We can easily construct new positions, especially when we are trying to justify an emotional reaction to something. This is another example of trying to minimise dissonance and inconsistency but this time the difference we seek to minimise is between our emotional reaction and our reasoning mind. We have similar problems keeping our behaviours consistent with our emotions and thoughts.
We can construct positions ‘on the fly’ to suit circumstances and support the courses of action we want to take. We can post-rationalise to support courses of action we have taken in the past. We can toy with positions and say ‘what would it be like if’ I took such and such a position, just to see how we feel about it. In fact, each one of our multiple selves, so to speak, can construct quite elaborate scenarios in our ‘minds eye(s)’, together with related thoughts, plans and even feelings.
It is in the nature of the human condition that we ‘duck and dive’ and those that are best able to duck and dive tend to be those that can achieve their goals most successfully. Tolerance of ambiguity, and the ability to quickly evaluate and adjust to new circumstances and interpretations, is a great virtue from the point of view of survival.
Furthermore, our realities are socially constructed. We learn from others what to note and what to ignore. Our friends, families, organisations, the media and culture shape what we perceive, interpret and how we act in response. It is our social environment that largely determines the ‘positions’ that we see as being available and the ones that we choose for ourselves.
YouTube Video, positioning theory in systemic family therapy, CMNtraining, July 2015, 33:10 minutes
Positioning and epistemology
Although we strive for consistency between our beliefs and what we take to be external reality, in fact the relationship can be quire tenuous. You might, for example, take the position that you are a good driver. Then, one day you have an accident, but instead of changing your belief about yourself, you believe that it was the fault of another driver. A second accident is blamed on the weather. A third is put down to poor lighting on the road, and a fourth to road-works. You have now built up a mini system of beliefs about the factors that lead to accidents that could, more than likely and more easily, be explained by you being a poor driver. It is not until one day you are charged with careless driving, that you finally have to revise this somewhat fragile belief system.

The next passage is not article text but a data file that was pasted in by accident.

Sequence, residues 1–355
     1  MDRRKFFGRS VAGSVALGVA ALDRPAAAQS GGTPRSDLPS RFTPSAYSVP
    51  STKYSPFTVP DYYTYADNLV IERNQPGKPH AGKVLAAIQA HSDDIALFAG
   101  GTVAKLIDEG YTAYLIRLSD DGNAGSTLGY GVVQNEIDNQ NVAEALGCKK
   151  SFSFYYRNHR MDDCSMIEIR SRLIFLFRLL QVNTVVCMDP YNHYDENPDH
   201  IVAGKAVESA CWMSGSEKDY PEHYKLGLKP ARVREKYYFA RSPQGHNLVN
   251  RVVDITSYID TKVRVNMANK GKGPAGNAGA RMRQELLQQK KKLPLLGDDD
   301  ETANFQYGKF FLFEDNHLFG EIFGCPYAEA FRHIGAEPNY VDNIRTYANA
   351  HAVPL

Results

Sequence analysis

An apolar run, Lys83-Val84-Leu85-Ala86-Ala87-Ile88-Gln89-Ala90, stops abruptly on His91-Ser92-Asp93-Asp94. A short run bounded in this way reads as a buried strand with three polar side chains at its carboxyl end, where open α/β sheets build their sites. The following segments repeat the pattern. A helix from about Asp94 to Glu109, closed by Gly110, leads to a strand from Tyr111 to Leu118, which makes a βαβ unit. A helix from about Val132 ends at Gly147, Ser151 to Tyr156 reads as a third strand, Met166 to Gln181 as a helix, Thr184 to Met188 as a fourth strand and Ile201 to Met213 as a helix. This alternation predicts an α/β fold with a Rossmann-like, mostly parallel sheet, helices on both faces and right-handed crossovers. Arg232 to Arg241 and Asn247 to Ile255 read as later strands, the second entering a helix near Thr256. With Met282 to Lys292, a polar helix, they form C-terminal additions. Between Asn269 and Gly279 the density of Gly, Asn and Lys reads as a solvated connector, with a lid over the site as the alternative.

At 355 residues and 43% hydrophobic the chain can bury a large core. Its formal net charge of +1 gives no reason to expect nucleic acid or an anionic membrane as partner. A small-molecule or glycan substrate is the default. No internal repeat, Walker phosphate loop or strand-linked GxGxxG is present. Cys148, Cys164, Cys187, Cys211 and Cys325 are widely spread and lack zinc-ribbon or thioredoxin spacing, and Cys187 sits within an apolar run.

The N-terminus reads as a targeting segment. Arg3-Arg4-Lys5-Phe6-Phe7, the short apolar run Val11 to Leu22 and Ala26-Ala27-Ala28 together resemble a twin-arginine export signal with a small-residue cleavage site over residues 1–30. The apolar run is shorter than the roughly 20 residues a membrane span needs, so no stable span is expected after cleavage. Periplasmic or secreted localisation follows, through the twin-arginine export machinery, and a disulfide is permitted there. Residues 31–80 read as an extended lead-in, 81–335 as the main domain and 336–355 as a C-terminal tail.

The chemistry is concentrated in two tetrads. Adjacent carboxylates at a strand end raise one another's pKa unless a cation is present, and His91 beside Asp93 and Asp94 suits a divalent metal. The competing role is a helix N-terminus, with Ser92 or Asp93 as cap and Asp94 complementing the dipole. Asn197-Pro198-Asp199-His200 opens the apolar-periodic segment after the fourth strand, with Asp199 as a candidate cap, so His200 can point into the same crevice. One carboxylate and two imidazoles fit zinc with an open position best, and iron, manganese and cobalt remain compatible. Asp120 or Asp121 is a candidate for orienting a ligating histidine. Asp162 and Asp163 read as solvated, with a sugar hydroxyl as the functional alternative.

Belief systems can be a bit like bubbles. They can grow larger as more supporting beliefs are brought in to sustain an original position. Then other beliefs must prop up the supporting beliefs and so on. If the original position had no support in reality the whole system will be fragile, eventually become unsustainable and burst leaving nothing in its place.
In contrast, belief systems that have a stronger foundation do not need propping up with other fragile positions. Each position can stand-alone and therefore can re-enforce others it is related to. This results in a stable belief system with mutually re-enforcing positions and even if one falls away, the rest of the structure will still stand.